China’s brave new world

April 3, 2013 / By  

March was an eventful month for China’s property sector. It started with a policy announcement before the start of the National People’s Congress and was followed very closely by two very one-sided stories on the American television program 60 Minutes.

The policy announcement was something of a surprise in terms of its timing and content and raised a huge amount of interest among the local and international media. While basically aligned with the existing policy regime, it focused on several loopholes in how these policies have been implemented which have allowed for investors to get more active in the market in the several prior months. The immediate response in the market was for existing owners of investment properties who were thinking about selling, to try to front-run a change in how the capital gains tax was to be implemented.

However, by the end of the month, announcements by local governments about how they plan to implement these ‘5 new measures’ were pretty underwhelming. Other than the city of Beijing, most have simply reiterated their existing policies and few have made any mention of the capital gains tax. For now it seems like it’s back to business in the residential sector. But I would expect China’s new leaders to crack the whip, so to speak, if the government’s monthly price index shows continued increases in the majority of cities. The ‘5 new measures’ if fully implemented, could have a dramatic impact on the market, but only time will tell if policymakers have a stomach for the degree to which that could slow the broader economy.

The 60 Minutes story on the other hand raised a lot of interest from friends and family back home who were suddenly worried about what a ‘bubble’ in China could mean for them. As a long time viewer of 60 Minutes, a show that I have often called the best program on television, I was disappointed by their near complete lack of balance in presenting the story. Their ‘expert’ analyst was someone who has long made his name (and livelihood) from the ‘China Bear’ story and they fell for the easiest trap when it comes to reporting on China – is this particular anecdote indicative of a larger problem – basically is what we are seeing here happening all over China. Their ‘expert’, of course, said ‘yes, we do see these empty malls and ‘ghost cities’ all over China’.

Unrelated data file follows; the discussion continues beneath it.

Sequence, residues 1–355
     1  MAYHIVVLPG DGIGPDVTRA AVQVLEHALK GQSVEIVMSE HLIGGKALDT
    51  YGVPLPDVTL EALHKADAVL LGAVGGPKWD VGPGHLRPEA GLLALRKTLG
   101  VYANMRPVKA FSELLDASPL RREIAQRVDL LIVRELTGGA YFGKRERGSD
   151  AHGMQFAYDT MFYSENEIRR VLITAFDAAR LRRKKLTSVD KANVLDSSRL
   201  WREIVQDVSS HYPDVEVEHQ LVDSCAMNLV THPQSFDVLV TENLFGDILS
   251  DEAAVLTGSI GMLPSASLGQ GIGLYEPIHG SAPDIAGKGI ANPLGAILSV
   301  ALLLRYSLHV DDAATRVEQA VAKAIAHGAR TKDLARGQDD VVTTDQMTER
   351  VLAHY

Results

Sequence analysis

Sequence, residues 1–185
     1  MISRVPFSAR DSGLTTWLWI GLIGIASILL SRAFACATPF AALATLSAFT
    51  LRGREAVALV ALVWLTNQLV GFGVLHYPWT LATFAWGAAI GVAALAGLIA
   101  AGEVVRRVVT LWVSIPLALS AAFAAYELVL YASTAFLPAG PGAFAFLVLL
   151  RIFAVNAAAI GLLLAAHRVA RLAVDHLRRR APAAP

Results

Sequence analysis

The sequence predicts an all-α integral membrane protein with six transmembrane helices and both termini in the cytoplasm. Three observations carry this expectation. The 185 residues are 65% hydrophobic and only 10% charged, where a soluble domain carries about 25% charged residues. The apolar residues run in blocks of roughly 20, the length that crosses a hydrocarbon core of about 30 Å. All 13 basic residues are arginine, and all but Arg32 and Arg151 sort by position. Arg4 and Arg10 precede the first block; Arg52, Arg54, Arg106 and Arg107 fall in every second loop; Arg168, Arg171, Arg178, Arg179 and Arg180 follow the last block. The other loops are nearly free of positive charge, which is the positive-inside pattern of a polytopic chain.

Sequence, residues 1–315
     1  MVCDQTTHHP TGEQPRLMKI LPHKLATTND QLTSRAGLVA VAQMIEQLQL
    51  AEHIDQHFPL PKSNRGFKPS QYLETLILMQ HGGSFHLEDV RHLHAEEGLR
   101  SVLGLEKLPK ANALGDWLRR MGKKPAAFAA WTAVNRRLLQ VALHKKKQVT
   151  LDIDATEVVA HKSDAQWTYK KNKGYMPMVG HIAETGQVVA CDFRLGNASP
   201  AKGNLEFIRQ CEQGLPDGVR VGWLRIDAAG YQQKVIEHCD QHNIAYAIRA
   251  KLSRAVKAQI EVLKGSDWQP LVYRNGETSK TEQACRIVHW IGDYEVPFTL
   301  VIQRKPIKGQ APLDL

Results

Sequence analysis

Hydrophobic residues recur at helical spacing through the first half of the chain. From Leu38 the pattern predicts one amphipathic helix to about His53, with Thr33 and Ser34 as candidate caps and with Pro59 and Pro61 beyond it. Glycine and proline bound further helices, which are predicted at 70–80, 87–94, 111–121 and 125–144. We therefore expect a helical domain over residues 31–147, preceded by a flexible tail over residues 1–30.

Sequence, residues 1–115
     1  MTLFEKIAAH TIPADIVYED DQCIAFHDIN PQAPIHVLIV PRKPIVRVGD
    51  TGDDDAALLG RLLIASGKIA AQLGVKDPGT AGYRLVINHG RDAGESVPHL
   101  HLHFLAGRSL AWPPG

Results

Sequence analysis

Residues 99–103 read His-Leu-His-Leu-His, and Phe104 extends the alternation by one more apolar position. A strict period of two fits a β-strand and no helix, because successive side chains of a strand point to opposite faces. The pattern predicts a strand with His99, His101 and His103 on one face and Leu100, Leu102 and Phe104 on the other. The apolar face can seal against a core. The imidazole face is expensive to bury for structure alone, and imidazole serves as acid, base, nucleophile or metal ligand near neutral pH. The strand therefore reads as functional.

We beg to differ.

China is a big place. It is possible to find anecdotal evidence of virtually any point you want to make. Every quarter I send over 40 research analysts into the field to track the office, retail and residential property markets in 20 large cities in China. We have arguably the most comprehensive database of commercial properties in the country. Are there bad malls in China? Sure. Have ghost cities been built? Undoubtedly. Do they represent the majority of construction activity? Or even a meaningful minority? No chance.

China’s golden age of investment led growth will come to an end, and probably sooner than most people think, but the country’s leaders are pragmatists, not ideologues. They do not have their heads buried in the sand the way I fear the leader of most Western democracies do. The top priority of the new generation of leaders is to transition the economy toward consumption led growth. They will introduce market mechanisms for interest rates and the allocation of resources in the economy; they will promote private enterprise; and they will reform the sclerotic state owned enterprises that predominate the economy. These reforms will be painful; they will necessarily mean China’s economy will grow more slowly than we’ve seen in the past; and there is no guarantee that China’s leaders will get it right. But the rest of the world has a lot riding on the outcome, whether we like it or not. So we should pay attention and try to get the facts right, to the extent that is possible.

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